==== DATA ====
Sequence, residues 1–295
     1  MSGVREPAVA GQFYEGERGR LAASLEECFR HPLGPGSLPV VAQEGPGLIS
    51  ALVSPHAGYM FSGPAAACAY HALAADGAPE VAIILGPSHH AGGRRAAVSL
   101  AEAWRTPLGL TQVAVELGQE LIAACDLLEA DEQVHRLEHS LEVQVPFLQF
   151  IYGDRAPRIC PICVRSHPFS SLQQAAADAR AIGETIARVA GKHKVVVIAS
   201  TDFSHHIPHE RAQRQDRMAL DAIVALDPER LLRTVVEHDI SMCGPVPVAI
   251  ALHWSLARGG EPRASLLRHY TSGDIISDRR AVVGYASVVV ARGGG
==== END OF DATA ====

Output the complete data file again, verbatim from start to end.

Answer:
Sequence, residues 1–295
     1  MSGVREPAVA GQFYEGERGR LAASLEECFR HPLGPGSLPV VAQEGPGLIS
    51  ALVSPHAGYM FSGPAAACAY HALAADGAPE VAIILGPSHH AGGRRAAVSL
   101  AEAWRTPLGL TQVAVELGQE LIAACDLLEA DEQVHRLEHS LEVQVPFLQF
   151  IYGDRAPRIC PICVRSHPFS SLQQAAADAR AIGETIARVA GKHKVVVIAS
   201  TDFSHHIPHE RAQRQDRMAL DAIVALDPER LLRTVVEHDI SMCGPVPVAI
   251  ALHWSLARGG EPRASLLRHY TSGDIISDRR AVVGYASVVV ARGGG